Breville Dual Boiler ball valve detail, pics - Page 12

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Bacek

#111: Post by Bacek »

So far works, but it's fairly new.
Sure sometimes it can be stacked. You could try to descale it first or treat (or even soak) with something like WD40.

Sometimes for round parts I use sticking foam tape (leather wrapping should be even better). On tight grip there still will be some scratches but not as bad. (Silvia's steaming wand)

https://images.weserv.nl/?url=forum.wsz ... 02%3Bimage

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lancealot

#112: Post by lancealot »

Peter, I doubt that any thread locker was preventing you from getting the valve open. More likely would be that the parts seized due to the cycling of hot to cool or from mild corrosion/scale. Either way, gentle heating or cooling to expand or contract the metals can work (as you found out) or soaking in descaler or a penetrating oil can help if it is seized due to scale/corrosion.

pcrussell50

#113: Post by pcrussell50 »

I considered that. But one of them is brand new. And the thread locker is not on the 1/8 BSPP Breville parts that screw into each end of the ball valve. It's on the threads you don't see until the ball valve itself is opened up. I'll post some pics tomorrow.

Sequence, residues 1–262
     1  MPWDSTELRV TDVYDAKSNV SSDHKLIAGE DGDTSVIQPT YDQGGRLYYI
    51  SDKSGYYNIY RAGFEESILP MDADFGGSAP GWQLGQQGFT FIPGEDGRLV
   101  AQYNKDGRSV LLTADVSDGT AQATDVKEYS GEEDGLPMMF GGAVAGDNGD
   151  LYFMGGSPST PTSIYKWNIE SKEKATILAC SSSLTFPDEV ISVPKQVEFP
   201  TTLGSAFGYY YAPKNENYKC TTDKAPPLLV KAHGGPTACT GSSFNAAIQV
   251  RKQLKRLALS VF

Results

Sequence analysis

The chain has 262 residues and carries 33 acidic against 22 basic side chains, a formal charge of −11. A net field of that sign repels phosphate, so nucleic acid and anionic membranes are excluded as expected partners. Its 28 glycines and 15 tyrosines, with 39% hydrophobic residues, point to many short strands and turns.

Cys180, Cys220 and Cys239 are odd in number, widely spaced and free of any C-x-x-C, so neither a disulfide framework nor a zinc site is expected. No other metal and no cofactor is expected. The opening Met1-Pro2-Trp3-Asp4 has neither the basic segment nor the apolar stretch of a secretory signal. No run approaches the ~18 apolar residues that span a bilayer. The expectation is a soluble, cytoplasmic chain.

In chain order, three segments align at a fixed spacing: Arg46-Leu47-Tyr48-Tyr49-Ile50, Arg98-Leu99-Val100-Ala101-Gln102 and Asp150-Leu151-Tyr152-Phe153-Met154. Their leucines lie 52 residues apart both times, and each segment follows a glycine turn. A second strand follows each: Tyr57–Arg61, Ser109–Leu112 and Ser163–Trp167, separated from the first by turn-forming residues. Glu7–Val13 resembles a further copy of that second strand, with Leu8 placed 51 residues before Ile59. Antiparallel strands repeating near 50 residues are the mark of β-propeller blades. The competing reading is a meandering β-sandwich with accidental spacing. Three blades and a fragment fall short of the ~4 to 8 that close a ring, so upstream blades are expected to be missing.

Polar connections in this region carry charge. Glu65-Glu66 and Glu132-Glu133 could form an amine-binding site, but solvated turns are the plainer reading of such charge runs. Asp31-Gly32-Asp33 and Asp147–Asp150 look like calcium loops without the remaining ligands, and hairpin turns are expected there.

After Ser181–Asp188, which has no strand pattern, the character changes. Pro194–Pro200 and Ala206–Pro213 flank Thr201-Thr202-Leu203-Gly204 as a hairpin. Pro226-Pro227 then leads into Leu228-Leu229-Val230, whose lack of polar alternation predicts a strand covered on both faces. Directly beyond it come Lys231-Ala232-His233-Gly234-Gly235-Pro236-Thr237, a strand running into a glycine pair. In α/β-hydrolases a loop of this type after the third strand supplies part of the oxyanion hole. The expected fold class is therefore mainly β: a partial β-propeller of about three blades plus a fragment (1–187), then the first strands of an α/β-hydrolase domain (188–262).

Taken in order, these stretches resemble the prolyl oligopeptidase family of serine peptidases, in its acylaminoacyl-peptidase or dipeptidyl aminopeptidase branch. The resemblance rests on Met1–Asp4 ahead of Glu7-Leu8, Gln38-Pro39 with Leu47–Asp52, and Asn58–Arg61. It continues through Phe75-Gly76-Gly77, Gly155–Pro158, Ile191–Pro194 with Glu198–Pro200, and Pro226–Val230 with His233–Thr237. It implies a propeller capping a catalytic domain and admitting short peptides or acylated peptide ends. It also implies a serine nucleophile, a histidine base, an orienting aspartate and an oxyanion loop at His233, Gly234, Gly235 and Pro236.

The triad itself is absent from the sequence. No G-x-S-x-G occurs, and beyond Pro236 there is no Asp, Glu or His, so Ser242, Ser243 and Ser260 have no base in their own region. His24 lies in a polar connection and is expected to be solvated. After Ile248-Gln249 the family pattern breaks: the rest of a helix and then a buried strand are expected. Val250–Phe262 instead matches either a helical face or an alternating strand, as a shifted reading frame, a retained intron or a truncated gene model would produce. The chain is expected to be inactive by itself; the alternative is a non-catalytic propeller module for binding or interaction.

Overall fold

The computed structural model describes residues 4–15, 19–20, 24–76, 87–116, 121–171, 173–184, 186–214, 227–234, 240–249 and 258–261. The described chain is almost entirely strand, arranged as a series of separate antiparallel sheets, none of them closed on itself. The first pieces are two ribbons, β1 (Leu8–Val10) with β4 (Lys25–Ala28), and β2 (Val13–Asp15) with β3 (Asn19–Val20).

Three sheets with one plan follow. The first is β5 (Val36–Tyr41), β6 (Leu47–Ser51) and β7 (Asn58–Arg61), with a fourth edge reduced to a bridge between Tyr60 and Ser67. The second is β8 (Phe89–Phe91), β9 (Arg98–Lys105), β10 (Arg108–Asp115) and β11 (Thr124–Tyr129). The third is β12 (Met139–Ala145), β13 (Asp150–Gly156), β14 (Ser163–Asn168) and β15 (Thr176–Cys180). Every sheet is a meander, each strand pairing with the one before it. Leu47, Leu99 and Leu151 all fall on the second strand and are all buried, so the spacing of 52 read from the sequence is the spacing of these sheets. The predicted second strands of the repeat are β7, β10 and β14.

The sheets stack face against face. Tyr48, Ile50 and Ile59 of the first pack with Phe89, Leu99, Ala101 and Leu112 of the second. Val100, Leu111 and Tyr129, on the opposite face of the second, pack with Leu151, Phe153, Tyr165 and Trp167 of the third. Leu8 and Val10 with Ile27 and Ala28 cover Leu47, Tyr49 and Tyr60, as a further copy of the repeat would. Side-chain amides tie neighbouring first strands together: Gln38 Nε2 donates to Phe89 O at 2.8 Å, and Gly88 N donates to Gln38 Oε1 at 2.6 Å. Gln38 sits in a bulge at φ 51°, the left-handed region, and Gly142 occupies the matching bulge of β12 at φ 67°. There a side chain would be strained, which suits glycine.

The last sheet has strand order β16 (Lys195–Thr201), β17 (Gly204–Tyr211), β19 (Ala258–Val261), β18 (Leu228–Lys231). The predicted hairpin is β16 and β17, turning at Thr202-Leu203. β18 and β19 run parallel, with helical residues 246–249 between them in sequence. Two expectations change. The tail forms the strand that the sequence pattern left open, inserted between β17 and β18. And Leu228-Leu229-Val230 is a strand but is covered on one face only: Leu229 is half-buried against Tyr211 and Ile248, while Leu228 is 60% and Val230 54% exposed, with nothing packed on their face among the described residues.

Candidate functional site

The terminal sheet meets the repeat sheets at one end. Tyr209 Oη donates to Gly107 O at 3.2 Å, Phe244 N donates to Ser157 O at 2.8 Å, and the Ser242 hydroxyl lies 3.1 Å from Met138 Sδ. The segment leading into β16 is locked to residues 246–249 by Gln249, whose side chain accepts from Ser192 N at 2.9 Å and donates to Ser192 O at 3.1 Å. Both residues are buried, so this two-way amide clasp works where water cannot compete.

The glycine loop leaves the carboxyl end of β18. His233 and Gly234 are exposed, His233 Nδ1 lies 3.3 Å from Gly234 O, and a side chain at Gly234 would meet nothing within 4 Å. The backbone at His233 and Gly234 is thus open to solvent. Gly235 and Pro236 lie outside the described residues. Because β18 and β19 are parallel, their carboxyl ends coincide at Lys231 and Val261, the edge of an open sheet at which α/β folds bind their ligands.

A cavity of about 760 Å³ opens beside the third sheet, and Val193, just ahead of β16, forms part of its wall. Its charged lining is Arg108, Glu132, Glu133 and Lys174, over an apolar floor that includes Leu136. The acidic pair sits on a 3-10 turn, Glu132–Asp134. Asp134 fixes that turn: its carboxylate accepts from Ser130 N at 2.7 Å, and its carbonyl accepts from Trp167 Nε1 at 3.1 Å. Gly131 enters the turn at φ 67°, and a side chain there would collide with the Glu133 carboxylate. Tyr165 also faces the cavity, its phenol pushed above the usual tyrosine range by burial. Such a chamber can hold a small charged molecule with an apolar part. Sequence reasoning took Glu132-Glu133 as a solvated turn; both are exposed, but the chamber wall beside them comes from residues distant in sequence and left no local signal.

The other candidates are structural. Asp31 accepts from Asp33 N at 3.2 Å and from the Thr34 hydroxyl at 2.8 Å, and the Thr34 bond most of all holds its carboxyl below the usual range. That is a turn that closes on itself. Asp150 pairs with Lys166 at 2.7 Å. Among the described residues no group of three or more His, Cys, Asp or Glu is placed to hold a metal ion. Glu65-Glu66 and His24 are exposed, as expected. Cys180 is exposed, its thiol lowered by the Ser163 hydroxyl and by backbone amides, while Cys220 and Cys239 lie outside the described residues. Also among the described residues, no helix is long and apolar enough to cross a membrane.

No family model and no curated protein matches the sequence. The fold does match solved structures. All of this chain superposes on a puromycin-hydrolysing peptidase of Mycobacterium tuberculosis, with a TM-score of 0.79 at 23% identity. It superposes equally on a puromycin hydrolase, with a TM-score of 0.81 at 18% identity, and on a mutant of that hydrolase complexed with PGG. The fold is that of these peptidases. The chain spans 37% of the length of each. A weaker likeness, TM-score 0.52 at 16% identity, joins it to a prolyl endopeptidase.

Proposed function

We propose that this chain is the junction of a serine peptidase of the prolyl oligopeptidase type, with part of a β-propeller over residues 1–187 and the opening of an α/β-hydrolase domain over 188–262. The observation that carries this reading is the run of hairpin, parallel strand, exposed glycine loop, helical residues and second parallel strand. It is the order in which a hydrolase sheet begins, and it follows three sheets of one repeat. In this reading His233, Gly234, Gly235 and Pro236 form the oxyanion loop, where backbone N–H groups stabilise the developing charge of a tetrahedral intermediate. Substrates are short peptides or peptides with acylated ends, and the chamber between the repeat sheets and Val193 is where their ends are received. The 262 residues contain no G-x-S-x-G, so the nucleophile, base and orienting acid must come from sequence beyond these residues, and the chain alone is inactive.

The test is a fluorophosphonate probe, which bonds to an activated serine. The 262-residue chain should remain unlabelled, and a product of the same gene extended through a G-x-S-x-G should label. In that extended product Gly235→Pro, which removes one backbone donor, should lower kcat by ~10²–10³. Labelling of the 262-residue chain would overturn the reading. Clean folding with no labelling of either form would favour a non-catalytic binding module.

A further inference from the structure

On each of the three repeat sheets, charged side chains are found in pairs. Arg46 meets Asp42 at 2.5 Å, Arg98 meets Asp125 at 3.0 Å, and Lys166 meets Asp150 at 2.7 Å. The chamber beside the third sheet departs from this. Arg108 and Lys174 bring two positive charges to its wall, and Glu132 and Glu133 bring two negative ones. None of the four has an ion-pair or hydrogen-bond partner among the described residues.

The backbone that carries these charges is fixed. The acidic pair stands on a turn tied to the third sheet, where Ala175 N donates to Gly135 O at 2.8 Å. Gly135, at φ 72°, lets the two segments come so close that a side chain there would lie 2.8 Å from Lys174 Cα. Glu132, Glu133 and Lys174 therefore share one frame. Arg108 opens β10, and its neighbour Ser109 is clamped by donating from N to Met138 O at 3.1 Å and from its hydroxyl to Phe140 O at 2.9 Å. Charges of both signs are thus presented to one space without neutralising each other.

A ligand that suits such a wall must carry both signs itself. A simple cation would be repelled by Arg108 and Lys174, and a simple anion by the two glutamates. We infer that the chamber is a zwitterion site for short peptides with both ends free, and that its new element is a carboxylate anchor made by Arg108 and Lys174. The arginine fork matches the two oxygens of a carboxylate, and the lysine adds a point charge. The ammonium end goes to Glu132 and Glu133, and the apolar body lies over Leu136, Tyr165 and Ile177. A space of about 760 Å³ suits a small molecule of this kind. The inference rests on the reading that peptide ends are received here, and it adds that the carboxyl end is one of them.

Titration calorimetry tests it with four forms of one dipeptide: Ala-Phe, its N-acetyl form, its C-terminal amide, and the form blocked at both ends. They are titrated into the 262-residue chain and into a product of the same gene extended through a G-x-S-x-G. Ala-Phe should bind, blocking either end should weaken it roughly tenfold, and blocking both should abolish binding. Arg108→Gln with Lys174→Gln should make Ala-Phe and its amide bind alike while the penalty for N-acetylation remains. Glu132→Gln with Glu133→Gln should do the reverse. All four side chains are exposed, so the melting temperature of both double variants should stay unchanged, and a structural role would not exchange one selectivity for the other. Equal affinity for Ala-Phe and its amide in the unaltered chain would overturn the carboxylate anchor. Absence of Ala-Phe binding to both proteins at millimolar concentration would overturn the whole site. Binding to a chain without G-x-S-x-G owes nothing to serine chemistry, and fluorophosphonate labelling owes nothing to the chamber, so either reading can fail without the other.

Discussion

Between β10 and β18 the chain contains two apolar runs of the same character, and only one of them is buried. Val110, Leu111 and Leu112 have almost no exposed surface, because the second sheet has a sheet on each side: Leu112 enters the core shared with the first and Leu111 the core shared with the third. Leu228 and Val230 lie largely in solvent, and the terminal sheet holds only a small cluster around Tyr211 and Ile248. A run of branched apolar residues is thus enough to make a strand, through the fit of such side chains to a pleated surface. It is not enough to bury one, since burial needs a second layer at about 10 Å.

-Peter
LMWDP #553

Bacek

#114: Post by Bacek »

For me it actually was easy to open the valve. For the first time I did it by unscrewing round part wrapped as on my Silvia pic. I guess important part is to have matched tools. They have to fit firmly parts you are working in. Solid Allen key (mine from pic was not solid at all) and vise mounted valve should work even on stacked threads. If not then as you did it it can be heated or treated other way but still opened with Allen to avoid to much image.

pcrussell50

#115: Post by pcrussell50 »

lancealot wrote:Peter, I doubt that any thread locker was preventing you from getting the valve open. More likely would be that the parts seized due to the cycling of hot to cool or from mild corrosion/scale. Either way, gentle heating or cooling to expand or contract the metals can work (as you found out) or soaking in descaler or a penetrating oil can help if it is seized due to scale/corrosion.
This was a brand spanking new, never used ball valve. So it wasn't corrosion or scale, (or non-scale minerals, which can also accumulate), or hot-cool cycling. The 6mm female hex threads were almost stripped from the force I was applying. Then I heated it and it came apart like butter... Almost literally. The sealer they had on it turned soft and it came apart easily.

Here is a pic of the part with the sealer:
Image

When the sealer cooled off, it hardened again.

UPDATE: my age-old, donated (by klund), ratty old ball valve that all I did was flip the old seals, is still sealing like a champ after what seems like more than a month now. Breville Dual Boiler ball valve detail, pics

-Peter
LMWDP #553